Montgomery County executive candidate Rose Krasnow (D). (Bill O'Leary/The Washington Post)

This story has been updated to reflect the June 15 campaign finance filings.

Rose Krasnow is used to being the only one.

“I got my start in politics as the token woman,” she said. It was 1991, and Krasnow was the administrator of a homeowners association in Rockville, the Montgomery County seat. She had been at City Hall so many times in that role that her husband suggested she just run for the City Council, whose sole female member was retiring.

So she did — and won. Then she won three terms as Rockville mayor. And then she began looking at what else she could do.

“I took to politics much more readily then I would have expected,” Krasnow said. “I really enjoyed it.”

Today, Krasnow, 66, again finds herself as the only woman, this time in a six-person Democratic primary for Montgomery County executive.


Candidate Rose Krasnow talks with residents at a candidates forum on racial equality and immigrant rights in February. (Bill O'Leary/The Washington Post)

She was one of the last in the field to declare her candidacy. At a candidates forum earlier this year on racial equity and immigrants’ rights, she told the audience she jumped in partly because of the lack of diversity among the white, male candidates vying to replace Isiah Leggett, the county’s first African American executive. Montgomery, the state’s most populous jurisdiction, is a majority-minority county, with a third of its residents foreign-born.

“I can’t change the color of my skin, but at least I am a woman,” Krasnow said then.

In an interview last month, she said she was “amazed that people who had announced had no diversity. Not that they were all men, but no diversity. And in this county, it seems very strange.”

She touts herself as the only candidate with executive experience, noting that as mayor she oversaw the redevelopment of downtown Rockville and worked to get funding for the new county library at its heart. And she says her years as Montgomery’s deputy planning director has made her familiar with every part of the sprawling county.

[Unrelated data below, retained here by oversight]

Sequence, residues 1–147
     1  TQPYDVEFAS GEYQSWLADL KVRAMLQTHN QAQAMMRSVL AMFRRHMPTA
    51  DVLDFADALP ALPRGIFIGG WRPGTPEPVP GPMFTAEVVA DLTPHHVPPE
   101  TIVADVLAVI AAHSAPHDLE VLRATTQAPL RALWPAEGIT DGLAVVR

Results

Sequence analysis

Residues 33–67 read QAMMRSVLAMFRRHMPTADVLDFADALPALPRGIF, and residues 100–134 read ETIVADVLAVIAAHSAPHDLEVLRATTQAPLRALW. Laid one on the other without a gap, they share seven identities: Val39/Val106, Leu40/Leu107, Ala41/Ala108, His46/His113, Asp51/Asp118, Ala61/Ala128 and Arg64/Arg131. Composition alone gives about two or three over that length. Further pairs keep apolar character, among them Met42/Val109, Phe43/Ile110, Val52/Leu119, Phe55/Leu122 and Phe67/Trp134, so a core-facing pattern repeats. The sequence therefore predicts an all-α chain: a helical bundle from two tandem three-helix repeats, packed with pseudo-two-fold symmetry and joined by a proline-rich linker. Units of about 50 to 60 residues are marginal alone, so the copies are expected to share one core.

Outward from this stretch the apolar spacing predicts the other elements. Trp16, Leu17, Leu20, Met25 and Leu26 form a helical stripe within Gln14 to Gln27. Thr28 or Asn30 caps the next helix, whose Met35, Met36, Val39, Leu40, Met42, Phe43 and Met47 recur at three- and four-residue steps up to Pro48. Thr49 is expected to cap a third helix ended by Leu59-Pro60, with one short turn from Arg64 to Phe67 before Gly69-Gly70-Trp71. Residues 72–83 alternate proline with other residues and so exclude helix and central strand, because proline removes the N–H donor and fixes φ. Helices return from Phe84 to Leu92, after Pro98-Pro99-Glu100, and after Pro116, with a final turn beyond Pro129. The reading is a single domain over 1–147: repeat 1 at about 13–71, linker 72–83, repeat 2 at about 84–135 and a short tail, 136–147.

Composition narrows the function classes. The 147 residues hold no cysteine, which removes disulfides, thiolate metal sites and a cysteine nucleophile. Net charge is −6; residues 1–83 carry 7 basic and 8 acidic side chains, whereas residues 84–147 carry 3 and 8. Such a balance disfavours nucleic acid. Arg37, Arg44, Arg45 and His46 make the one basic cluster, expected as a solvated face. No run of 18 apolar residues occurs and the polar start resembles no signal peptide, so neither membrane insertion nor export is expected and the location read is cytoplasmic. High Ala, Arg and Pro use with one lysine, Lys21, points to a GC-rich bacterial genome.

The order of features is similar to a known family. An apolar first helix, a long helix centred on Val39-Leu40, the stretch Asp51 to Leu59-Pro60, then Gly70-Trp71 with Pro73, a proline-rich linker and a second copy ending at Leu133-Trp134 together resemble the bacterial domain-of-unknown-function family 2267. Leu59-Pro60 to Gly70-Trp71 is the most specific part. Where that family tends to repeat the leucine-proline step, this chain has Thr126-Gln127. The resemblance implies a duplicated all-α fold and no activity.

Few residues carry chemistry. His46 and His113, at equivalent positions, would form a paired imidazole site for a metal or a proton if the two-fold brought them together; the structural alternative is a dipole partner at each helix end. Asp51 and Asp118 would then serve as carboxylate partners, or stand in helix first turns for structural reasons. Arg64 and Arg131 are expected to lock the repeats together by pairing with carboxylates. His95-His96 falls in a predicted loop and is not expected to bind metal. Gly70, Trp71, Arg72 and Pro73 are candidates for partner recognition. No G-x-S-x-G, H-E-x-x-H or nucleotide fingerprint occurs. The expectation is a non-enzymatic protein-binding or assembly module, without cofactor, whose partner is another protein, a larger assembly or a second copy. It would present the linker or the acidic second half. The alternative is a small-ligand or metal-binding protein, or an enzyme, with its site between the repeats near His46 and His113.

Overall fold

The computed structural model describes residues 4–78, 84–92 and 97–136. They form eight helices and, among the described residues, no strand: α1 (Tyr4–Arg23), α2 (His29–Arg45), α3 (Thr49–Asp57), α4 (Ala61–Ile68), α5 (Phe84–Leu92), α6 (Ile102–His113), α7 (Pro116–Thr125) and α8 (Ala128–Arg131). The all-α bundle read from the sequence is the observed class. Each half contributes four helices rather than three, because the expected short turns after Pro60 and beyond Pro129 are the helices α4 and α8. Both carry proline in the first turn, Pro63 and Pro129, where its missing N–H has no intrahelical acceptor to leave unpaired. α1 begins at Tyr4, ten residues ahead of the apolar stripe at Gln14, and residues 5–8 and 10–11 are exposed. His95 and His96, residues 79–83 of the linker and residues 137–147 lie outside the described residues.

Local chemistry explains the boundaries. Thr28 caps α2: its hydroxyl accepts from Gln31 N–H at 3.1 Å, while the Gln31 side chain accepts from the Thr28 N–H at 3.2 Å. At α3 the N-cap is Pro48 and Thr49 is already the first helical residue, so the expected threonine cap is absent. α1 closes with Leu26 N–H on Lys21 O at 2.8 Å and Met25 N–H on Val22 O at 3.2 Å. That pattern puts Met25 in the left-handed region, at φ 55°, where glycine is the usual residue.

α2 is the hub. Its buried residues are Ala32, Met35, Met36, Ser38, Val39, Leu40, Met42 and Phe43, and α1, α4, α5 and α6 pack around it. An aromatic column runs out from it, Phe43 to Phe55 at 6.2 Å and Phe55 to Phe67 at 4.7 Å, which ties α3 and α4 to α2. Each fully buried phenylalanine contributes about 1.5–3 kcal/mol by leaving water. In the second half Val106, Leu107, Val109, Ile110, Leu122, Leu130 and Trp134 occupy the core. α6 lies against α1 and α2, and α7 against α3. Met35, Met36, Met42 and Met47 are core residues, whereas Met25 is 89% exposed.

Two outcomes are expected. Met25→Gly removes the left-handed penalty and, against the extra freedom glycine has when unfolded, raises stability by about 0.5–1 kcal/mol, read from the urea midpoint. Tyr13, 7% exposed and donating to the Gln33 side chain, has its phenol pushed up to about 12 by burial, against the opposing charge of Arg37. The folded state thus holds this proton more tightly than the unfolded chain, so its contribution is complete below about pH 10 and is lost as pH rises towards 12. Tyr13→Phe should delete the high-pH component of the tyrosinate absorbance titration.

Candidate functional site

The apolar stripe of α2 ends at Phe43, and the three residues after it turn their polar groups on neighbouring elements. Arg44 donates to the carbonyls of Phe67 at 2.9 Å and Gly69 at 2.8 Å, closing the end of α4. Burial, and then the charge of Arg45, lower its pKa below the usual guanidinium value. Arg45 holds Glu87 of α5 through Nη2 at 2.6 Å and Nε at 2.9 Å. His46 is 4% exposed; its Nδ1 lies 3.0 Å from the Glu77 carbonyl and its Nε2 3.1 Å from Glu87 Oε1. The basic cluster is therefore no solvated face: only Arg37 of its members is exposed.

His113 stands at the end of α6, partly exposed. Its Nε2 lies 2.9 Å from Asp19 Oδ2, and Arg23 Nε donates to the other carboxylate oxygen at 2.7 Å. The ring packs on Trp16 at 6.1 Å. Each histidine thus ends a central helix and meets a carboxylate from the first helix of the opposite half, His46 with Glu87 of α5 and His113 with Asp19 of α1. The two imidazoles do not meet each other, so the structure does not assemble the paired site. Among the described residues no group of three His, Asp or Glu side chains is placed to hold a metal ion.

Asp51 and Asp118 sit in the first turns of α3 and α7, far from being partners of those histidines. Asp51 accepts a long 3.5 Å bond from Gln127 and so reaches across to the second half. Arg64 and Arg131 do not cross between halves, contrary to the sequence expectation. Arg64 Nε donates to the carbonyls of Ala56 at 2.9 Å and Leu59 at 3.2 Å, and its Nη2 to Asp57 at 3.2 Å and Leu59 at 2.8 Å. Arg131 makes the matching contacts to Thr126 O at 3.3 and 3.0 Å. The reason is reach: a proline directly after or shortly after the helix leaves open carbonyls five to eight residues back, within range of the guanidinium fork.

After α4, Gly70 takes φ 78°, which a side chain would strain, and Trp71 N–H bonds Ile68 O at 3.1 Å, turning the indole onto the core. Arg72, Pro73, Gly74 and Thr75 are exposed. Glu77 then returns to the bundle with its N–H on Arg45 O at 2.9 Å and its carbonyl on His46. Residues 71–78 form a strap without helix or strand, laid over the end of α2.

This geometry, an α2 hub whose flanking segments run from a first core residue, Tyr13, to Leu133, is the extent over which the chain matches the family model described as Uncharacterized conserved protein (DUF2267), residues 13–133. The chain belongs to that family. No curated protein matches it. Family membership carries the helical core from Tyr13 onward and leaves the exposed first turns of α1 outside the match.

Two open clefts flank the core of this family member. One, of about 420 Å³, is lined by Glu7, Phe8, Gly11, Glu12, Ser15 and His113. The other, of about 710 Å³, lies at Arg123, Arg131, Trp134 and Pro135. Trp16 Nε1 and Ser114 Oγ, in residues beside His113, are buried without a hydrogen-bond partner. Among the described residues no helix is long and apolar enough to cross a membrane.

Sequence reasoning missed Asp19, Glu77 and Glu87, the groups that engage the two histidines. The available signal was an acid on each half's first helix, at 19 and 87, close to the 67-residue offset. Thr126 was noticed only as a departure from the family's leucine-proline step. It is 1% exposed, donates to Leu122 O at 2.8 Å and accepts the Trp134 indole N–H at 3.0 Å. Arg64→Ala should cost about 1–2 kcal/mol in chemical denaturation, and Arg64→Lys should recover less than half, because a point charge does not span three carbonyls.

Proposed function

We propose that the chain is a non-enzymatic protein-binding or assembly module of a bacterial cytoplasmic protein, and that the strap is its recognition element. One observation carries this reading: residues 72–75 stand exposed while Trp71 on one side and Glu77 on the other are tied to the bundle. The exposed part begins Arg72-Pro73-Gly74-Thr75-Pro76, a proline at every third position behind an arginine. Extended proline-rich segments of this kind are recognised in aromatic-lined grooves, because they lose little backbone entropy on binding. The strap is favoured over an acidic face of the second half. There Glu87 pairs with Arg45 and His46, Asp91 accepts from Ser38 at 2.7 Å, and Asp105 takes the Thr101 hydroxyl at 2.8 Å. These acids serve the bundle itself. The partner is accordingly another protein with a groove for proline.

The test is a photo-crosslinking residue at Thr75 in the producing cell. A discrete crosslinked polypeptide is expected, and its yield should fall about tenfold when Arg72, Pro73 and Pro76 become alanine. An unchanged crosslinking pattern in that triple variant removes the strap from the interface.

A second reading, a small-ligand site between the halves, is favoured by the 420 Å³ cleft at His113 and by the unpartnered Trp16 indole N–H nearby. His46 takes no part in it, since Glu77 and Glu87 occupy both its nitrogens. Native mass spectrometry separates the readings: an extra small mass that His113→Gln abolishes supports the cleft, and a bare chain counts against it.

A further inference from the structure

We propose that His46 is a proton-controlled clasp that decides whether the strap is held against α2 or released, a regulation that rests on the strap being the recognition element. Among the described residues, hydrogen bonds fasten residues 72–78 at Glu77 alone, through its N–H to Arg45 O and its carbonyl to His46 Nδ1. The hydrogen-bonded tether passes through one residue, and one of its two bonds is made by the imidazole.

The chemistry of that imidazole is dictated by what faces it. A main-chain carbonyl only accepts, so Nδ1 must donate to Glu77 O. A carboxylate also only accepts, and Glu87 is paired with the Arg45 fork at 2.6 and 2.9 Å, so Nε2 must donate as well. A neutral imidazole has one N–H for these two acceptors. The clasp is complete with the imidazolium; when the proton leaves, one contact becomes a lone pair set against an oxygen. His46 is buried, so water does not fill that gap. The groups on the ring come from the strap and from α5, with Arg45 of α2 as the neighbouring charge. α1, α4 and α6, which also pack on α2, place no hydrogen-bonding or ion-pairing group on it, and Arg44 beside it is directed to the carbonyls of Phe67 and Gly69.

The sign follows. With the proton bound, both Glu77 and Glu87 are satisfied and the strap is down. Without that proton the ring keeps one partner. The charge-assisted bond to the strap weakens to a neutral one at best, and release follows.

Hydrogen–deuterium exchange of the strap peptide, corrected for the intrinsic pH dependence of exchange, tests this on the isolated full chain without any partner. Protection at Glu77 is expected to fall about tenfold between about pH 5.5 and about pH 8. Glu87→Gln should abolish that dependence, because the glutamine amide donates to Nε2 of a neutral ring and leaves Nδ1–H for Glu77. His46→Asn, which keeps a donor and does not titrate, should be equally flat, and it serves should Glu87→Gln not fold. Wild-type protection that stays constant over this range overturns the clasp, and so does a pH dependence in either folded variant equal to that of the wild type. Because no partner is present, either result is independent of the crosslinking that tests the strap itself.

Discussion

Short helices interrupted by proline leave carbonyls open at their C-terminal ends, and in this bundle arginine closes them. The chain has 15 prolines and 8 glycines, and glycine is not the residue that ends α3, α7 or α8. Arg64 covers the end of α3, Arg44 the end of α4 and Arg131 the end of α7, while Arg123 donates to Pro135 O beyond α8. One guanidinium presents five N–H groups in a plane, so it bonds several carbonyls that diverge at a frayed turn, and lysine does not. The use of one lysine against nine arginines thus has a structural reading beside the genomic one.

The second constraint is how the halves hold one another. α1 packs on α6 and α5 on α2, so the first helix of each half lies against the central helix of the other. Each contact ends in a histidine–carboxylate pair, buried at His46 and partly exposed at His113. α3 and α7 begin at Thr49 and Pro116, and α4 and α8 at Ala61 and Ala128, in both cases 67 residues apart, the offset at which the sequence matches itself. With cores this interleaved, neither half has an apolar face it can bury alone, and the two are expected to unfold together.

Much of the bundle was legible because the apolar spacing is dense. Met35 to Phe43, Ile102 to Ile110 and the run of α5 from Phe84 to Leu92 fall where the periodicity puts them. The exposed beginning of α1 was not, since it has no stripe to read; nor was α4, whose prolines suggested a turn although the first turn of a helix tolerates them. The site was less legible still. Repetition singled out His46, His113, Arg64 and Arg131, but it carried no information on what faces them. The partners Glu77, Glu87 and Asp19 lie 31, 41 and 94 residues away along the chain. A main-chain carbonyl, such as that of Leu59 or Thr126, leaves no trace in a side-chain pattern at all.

“I’m truly the candidate who represents the whole county as opposed to inside the Beltway,” Krasnow said. “It’s a significant difference.”


Montgomery County executive candidate Rose Krasnow shares a light moment with rival Bill Frick, left, at a forum on racial equality and immigrant rights in Silver Spring, Md. (Bill O'Leary/The Washington Post)

Krasnow is participating in the county’s public financing system, but has raised less money so far than the two other Democratic candidates using it. In mid-June, she reported receiving $359,920 and requesting an additional $13,420.

Her endorsements include Emily’s List, state Sen. Cheryl Kagan (D-Montgomery), the Montgomery County Public Schools Retirees Association and council member Nancy Floreen (D-At Large), who called Krasnow “a tough, seasoned, honest broker” who “knows the county inside out, has an open mind and is a well-grounded manager with the listening skills and temperament necessary to move the county forward.”

Krasnow, who holds degrees from Washington University and the University of North Carolina at Chapel Hill and worked for four years as a bond trader in New York, is running in part on an economic-development platform, advocating for more services for small businesses and expanding the tax base to support social services.

At one forum, she said Montgomery “is truly known as business-unfriendly.” At another, she called the 8.7 percent property tax hike the council approved in 2016 a “tipping point.”

“I felt the county really needed someone who was going to pay a lot more attention to the balance sheet,” she said in an interview.

Former county executive Doug Duncan worked with Krasnow when he was Rockville mayor and she was on the City Council. As county executive, when Krasnow was mayor, they tussled over construction of the library, he said.

“She did a lot of leading from behind,” Duncan said. “I didn’t really see her set a vision for the city and take us in that direction.”

But former state attorney general Doug Gansler called Krasnow “the enigma in the race” — those who know her, like her — but how many know her?

“She’s an amazing woman with impeccable political credentials, and did a wonderful job in her role as mayor in Rockville. But the question is, does she have the resources to compete?” Gansler said. “She’s never run and held office countywide, so most people in the county don’t know her.”

Still, he said, “when you have five other males in the race . . . that makes her a very viable candidate.”